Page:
The multiple myeloma patient and family seminar in Florence. Part 2

During the question period, I made the point that non toxic plant extracts with strong anti-myeloma activity, such as curcumin and resveratrol (and the more than 20 other substances that I have listed on my blog, and who knows how many more I will come across…), have been studied in laboratory settings both in vitro and in vivo, but it’s about time to get those substances OUT of the lab and into clinical trials, if for no other reason than the fact that many of them increase the effectiveness of chemotherapy while protecting healthy cells from the damaging effects of chemo as well as reducing its toxic side effects. I mentioned a European clinical trial that is currently testing resveratrol alone or together with Velcade on myeloma patients (it began in June: This is a positive start, I said, but it is hardly enough. I then asked what we patients can do to help get this process in gear quickly…didn’t really get an answer…a complicated issue, I know…

Dr. Durie, however, did remark that these plant extracts could “even treat” the disease, in the case of stable MGUS and SMM. He also reminded us that those taking Velcade should be careful about drinking green tea and taking vitamin C and alpha lipoic acid (incidentally, I posted about EGCG interfering with bortezomib in March 2009: He added that green tea aficionados don’t have to give up their tea drinking habit entirely, but can simply skip having green tea on their “Velcade days.” This may be good news to some of you…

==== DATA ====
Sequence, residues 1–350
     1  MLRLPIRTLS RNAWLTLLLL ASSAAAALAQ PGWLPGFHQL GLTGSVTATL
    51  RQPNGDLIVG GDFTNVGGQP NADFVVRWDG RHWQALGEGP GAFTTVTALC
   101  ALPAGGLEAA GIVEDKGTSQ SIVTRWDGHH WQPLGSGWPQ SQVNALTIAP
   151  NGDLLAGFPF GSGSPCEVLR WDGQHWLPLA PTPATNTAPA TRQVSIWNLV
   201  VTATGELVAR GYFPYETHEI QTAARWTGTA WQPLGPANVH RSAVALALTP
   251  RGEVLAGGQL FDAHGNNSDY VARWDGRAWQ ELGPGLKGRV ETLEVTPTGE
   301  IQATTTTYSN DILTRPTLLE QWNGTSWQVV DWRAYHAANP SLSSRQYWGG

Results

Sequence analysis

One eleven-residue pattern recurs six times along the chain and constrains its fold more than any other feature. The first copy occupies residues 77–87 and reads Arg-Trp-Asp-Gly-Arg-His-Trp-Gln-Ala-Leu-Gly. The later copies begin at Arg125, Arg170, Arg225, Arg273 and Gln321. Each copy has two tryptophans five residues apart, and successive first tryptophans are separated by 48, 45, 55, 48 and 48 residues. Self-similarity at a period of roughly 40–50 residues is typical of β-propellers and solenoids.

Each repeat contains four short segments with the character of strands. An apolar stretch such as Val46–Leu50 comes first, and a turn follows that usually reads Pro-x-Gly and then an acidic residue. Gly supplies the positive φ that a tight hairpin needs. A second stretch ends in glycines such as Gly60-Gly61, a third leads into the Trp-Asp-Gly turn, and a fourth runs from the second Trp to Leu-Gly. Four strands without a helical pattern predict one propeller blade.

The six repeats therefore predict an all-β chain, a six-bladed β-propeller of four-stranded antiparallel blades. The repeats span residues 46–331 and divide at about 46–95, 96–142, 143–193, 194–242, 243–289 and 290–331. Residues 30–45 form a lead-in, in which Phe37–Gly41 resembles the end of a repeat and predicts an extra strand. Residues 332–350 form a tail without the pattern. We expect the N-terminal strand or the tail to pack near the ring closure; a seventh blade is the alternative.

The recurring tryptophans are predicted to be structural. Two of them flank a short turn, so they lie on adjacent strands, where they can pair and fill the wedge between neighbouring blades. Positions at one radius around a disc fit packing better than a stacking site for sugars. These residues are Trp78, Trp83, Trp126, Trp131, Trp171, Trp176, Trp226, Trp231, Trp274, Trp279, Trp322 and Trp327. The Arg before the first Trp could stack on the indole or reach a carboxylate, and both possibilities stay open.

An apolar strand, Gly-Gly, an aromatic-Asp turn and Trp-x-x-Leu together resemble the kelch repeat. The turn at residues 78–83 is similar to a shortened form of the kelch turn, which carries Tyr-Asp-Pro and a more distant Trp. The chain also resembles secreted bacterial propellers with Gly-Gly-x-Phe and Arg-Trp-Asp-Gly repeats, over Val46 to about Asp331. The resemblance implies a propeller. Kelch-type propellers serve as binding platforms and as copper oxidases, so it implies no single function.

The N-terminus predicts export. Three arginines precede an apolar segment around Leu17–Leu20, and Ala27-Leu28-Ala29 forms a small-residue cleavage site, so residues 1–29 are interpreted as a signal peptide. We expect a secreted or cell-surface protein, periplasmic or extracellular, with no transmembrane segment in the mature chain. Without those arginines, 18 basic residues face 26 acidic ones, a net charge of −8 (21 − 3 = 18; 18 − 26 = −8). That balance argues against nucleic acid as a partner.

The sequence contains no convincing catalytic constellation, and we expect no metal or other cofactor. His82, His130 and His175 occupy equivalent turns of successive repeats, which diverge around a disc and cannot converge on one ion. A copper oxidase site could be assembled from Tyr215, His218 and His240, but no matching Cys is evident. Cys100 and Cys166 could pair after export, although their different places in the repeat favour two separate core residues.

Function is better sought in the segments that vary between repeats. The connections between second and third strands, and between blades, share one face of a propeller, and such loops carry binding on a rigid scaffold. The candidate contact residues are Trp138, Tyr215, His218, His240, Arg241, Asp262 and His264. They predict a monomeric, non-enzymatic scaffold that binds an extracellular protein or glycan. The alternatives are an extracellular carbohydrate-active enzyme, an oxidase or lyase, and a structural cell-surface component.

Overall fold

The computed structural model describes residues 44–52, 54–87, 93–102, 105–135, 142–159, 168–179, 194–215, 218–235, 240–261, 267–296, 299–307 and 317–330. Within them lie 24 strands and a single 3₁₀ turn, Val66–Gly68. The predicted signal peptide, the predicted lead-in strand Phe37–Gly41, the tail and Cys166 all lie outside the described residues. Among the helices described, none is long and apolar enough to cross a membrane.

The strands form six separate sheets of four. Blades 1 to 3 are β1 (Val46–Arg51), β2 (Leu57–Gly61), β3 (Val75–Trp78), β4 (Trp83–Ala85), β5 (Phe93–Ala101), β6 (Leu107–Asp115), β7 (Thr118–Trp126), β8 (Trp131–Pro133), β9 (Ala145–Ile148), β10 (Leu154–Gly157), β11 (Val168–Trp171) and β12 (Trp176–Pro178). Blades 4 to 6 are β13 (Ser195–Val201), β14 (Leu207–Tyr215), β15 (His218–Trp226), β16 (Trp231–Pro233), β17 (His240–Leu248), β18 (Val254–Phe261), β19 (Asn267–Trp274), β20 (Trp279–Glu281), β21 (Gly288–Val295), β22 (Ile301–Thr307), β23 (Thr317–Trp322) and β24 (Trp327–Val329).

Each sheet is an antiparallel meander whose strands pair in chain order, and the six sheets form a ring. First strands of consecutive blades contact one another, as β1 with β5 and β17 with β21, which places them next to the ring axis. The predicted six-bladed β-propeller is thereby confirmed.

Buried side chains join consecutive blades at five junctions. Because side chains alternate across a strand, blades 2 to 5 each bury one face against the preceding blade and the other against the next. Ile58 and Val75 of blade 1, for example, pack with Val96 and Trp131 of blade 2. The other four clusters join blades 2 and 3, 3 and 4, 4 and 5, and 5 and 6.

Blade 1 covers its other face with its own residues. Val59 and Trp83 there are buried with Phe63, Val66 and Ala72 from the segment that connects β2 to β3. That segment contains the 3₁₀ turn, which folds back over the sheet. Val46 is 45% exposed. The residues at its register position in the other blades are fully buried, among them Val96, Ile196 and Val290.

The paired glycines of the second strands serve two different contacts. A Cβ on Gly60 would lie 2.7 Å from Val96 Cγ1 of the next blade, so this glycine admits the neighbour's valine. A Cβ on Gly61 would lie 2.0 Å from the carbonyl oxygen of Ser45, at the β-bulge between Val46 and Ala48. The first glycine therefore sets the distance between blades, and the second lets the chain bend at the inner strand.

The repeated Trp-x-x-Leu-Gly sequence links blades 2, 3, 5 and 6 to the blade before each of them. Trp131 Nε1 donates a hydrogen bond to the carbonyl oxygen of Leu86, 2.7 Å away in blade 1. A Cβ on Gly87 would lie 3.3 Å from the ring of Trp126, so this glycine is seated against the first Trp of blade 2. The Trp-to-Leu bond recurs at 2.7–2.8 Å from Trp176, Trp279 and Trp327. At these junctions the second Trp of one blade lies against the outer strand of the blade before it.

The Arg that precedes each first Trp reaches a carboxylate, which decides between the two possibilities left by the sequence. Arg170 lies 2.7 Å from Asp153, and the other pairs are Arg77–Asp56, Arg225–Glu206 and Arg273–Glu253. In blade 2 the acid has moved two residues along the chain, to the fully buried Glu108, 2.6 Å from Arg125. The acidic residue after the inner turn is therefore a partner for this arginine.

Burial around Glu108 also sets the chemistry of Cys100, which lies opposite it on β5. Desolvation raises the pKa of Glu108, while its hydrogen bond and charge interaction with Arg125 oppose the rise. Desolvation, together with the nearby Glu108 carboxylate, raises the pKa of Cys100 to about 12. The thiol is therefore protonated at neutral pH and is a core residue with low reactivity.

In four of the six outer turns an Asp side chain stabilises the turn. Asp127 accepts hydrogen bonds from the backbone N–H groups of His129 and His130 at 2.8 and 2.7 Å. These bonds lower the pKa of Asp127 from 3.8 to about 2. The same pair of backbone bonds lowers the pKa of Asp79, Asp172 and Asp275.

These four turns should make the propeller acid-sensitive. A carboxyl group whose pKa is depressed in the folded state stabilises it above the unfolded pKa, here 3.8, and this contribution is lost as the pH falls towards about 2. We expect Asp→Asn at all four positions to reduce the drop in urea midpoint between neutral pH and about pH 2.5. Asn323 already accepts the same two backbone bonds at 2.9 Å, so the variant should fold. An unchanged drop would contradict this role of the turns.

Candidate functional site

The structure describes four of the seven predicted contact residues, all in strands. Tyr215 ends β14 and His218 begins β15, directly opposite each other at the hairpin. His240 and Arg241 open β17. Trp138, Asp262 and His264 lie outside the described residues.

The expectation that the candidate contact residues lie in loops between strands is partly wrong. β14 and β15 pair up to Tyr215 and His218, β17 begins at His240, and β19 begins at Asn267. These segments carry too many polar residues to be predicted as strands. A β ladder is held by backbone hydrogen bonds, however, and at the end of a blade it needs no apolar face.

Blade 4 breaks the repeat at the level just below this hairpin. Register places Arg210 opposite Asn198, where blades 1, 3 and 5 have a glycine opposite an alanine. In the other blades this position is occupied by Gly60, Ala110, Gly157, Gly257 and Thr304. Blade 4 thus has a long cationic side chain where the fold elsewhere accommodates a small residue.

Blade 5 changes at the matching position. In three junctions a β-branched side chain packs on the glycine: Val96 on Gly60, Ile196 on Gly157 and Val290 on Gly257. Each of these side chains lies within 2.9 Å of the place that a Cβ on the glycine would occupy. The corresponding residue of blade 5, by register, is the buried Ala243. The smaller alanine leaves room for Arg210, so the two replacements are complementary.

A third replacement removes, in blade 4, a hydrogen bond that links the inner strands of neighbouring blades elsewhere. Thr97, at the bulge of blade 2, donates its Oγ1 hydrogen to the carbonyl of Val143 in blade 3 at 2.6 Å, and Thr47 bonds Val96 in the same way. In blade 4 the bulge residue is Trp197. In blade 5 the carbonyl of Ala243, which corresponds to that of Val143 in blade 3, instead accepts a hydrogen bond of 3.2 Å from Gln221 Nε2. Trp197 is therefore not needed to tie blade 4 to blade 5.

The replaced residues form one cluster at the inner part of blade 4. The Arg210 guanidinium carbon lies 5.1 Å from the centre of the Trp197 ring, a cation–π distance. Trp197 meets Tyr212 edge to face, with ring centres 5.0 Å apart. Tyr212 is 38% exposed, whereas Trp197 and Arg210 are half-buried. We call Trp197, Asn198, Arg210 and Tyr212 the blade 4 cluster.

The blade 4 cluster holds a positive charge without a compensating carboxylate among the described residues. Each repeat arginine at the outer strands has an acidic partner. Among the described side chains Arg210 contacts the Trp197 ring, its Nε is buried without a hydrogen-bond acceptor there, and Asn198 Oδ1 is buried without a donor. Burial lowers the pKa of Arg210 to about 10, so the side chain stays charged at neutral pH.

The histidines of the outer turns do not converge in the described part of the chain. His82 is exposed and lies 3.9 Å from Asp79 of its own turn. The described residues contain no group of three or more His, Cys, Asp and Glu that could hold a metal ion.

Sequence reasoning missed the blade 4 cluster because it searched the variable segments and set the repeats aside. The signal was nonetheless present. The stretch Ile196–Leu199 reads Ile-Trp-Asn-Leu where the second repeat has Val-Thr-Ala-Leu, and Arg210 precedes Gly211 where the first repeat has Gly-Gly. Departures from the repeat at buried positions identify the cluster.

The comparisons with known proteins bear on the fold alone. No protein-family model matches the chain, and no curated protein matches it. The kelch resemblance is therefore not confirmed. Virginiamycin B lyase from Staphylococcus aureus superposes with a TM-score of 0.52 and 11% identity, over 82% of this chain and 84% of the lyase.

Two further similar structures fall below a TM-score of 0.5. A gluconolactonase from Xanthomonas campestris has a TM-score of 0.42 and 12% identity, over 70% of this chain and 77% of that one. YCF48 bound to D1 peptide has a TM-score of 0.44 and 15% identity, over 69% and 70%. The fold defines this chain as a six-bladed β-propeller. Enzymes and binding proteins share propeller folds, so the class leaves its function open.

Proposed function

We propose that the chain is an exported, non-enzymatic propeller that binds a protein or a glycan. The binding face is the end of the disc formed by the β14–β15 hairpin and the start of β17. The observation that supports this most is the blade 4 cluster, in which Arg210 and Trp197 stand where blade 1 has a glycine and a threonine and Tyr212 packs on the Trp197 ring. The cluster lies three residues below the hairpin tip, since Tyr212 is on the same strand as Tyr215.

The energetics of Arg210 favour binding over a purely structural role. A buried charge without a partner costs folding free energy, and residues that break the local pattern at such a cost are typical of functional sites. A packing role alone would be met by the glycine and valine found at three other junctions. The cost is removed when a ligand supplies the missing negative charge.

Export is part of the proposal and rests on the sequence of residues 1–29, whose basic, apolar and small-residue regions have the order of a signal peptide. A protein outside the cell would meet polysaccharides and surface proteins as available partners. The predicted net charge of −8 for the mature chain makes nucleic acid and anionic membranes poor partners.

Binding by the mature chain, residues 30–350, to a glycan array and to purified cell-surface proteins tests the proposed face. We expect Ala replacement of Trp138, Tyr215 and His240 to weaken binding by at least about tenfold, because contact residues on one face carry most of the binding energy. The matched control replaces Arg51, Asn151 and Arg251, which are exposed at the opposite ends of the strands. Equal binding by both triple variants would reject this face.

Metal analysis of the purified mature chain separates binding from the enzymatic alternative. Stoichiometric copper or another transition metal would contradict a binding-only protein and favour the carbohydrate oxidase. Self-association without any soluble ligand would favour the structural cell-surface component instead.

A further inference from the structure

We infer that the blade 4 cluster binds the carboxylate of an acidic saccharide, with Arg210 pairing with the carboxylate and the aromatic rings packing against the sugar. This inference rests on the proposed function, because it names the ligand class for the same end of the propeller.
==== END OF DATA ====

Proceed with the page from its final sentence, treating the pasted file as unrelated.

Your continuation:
Another interesting titbit. When asked about risk factors for myeloma, he mentioned a recent “Blood” paper on pesticide exposure, but he also said that one of his patients used to be on call 24 hours a day for 4-5 different companies. That meant that this guy had to carry around several different cell phones turned on at all times. Well, this man developed myeloma in the pelvis area, right where the cell phones had been resting…hmmm, gives some food for thought, doesn’t it? (I possess a heavy, ancient cell phone…in fact dinosaurs used to send text messages with it…but it is always switched off; I carry it in my purse and use it only for emergencies…)

There was also quite a lively discussion on the usefulness of PET-CT scans. Actually, I was the one to begin that discussion, based on a question that a friend of mine, who was not able to attend the meeting, had asked me to ask on his behalf. Dr. Durie said that PET can help us determine if the myeloma has become active, for example in the case of a sudden paraprotein increase. It follows that this test can be useful for those who are smoldering. I have to say, though, that I will NOT have radioactive sugar injected into my veins unless I really really REALLY have to! This is another item that I have added to the list of questions for my haematologist.

An Italian haematologist who works at Careggi university hospital also gave a speech. I was very pleased to hear her state that when myeloma is in a stable, smoldering stage, it is best NOT to treat. Early treatment, she said, doesn’t prolong survival; on the contrary, it could be deleterious because of the toxic side effects of chemotherapy. I will never forget that in 2005 my Careggi haematologist wanted me to have two cycles of Velcade and then an SCT in the summer of 2006 (this never happened, see below). That wasn’t very long ago. I am glad to see that things (may) have changed since then…